I know, it’s 2018– who uses the Twitter website in the Google Chrome web browser any more, when you can do so much of your Twitter experience in mobile apps? Well, have you ever tried removing a member from a list on the Twitter Android app?
I rest my case.
So, if you’ve ever tried to save a Twitter image file in Google Chrome, you’ve probably noticed it gets saved with the peculiar file extension of .jpg_large, rather than plain old .jpg. This has been a known issue on Chromium’s Issue Tracker since 2013, and closed with a status of “Won’t Fix” because the Chromium developers felt this was Twitter’s problem to solve.
Fortunately, the folks behind the “Refined Twitter” Chrome Extension didn’t feel the same way.
Ran into an interesting problem last week, and wanted to share it here while it was still fresh in my mind.
I’d received a support ticket from a client who was seeing the mobile version of our website, even though she was viewing it on a desktop with Google Chrome’s zoom level set at 100%. If she decreased Chrome’s zoom level to 90%, the website would suddenly transition into the desktop version.
It turns out there were two factors contributing to this issue:
Her older monitor supported a maximum screen width of 1280 pixels.
Her Windows Display settings had a “Change the size of text, apps, and other items” feature set to 125%.
Since the 125% setting effectively removes 25% of the total screen width (1280 – 320 = 960 pixels), Google Chrome fell beneath the 1024 pixel width for the desktop media query, and was displaying the tablet/mobile version. Changing Chrome’s zoom level down to 90% was an effective increase of 10% screen width, increasing the effective screen width to 1056 pixels– which caused the CSS media query for desktops to suddenly come into effect.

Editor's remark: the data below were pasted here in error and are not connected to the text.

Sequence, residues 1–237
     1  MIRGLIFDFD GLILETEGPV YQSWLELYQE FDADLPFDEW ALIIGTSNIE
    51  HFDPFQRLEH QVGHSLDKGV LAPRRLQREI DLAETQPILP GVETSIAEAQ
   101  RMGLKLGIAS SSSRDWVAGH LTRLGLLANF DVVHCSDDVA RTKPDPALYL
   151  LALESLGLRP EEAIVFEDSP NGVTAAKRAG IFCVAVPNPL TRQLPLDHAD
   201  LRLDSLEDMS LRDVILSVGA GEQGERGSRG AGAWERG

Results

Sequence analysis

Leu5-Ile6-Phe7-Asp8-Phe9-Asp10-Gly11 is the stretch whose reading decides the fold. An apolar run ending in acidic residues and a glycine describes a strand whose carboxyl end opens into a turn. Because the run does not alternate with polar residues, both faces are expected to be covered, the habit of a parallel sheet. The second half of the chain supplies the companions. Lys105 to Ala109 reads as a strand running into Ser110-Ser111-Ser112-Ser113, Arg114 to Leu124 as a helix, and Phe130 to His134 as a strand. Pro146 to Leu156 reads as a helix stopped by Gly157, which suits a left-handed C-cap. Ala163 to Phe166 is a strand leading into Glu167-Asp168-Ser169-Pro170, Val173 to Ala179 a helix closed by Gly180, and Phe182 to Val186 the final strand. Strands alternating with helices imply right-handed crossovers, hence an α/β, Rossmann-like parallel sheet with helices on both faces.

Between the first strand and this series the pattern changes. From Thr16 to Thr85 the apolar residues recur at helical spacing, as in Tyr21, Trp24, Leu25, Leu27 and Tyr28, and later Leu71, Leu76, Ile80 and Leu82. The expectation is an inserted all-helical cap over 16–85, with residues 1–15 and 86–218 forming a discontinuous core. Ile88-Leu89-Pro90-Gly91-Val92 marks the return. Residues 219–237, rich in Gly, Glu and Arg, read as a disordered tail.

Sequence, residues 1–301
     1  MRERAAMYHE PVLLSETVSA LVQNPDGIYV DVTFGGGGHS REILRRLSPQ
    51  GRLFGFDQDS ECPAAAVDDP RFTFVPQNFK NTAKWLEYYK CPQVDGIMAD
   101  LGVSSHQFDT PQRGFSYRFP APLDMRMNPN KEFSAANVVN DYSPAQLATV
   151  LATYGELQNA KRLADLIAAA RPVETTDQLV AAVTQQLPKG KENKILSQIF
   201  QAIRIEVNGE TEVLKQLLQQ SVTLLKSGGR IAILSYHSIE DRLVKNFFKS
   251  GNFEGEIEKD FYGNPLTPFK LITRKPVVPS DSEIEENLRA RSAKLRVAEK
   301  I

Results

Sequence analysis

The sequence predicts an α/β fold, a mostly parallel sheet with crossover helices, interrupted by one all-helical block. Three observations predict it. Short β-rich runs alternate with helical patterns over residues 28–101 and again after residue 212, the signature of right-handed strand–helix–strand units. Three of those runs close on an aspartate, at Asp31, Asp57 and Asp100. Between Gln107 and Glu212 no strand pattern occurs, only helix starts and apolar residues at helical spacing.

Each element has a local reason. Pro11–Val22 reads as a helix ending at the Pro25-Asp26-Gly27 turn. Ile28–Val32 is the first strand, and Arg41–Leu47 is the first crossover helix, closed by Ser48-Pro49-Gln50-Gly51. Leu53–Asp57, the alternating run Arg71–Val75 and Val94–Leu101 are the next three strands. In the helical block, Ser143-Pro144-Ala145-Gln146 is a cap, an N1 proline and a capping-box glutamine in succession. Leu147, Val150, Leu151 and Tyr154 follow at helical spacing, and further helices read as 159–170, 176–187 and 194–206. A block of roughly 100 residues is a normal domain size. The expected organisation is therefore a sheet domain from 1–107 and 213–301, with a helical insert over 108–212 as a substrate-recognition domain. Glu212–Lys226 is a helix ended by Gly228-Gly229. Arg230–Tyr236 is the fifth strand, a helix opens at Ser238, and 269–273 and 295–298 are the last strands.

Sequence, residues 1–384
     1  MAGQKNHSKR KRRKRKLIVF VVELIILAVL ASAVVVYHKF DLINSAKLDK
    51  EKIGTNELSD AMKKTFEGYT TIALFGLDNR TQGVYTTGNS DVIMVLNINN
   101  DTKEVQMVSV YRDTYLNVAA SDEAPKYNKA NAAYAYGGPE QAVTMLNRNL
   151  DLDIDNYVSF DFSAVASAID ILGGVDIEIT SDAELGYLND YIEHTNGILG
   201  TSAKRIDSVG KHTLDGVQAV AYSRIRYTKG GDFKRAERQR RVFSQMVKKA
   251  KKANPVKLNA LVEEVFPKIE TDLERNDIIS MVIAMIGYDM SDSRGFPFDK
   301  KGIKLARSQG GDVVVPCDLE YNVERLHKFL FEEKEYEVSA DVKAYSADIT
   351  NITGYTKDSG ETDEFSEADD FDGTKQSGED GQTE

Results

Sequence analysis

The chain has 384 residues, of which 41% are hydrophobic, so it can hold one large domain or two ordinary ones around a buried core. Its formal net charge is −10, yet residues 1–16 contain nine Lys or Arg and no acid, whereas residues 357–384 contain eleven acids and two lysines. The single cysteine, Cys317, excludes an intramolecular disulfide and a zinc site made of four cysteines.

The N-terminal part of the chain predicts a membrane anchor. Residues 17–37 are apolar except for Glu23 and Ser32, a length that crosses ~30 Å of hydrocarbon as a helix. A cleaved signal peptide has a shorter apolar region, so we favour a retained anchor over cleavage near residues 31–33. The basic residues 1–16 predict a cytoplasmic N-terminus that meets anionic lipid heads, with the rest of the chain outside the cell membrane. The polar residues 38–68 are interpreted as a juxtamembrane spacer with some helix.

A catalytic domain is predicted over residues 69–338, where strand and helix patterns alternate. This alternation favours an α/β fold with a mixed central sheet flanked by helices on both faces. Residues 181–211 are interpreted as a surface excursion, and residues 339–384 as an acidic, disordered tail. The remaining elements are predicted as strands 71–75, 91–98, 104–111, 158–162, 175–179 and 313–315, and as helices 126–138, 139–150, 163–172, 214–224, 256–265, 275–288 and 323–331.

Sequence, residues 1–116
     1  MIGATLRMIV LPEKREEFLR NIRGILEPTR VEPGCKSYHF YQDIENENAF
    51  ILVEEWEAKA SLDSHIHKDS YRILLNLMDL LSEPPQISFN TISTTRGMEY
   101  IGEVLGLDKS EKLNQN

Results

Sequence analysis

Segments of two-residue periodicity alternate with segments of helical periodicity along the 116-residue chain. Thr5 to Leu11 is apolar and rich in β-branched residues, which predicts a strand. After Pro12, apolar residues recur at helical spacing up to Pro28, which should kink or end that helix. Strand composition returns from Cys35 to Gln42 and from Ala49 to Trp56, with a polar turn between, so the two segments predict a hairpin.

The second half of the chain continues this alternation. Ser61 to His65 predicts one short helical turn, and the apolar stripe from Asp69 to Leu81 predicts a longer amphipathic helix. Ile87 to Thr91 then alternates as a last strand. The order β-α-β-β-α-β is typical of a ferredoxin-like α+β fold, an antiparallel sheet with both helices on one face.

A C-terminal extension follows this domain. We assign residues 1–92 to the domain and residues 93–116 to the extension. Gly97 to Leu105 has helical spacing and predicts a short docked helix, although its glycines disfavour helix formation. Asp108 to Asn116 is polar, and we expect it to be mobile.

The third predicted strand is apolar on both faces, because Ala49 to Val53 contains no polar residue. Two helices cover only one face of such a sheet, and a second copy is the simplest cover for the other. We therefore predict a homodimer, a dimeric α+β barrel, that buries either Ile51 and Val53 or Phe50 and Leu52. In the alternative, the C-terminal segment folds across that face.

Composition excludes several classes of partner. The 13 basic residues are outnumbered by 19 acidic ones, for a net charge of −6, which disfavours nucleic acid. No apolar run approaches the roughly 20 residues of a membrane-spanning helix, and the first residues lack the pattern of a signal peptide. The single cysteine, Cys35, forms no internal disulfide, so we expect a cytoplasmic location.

With the higher resolutions on newer monitors and/or laptops, you’re less likely to encounter this issue because it would take a greater percentage to drop a higher resolution below the 1024 pixel threshold.
Hope this helps someone else solve this issue, if they encounter it.
A few years ago, I was reading a Jakob Nielsen’s “Alertbox” newsletter that declared right-mouse-clicks as an advanced user technique. The first time I read that, I was sure it had to be a mistake or some kind of April Fool’s joke.
After all, how difficult can it be to click the other mouse button?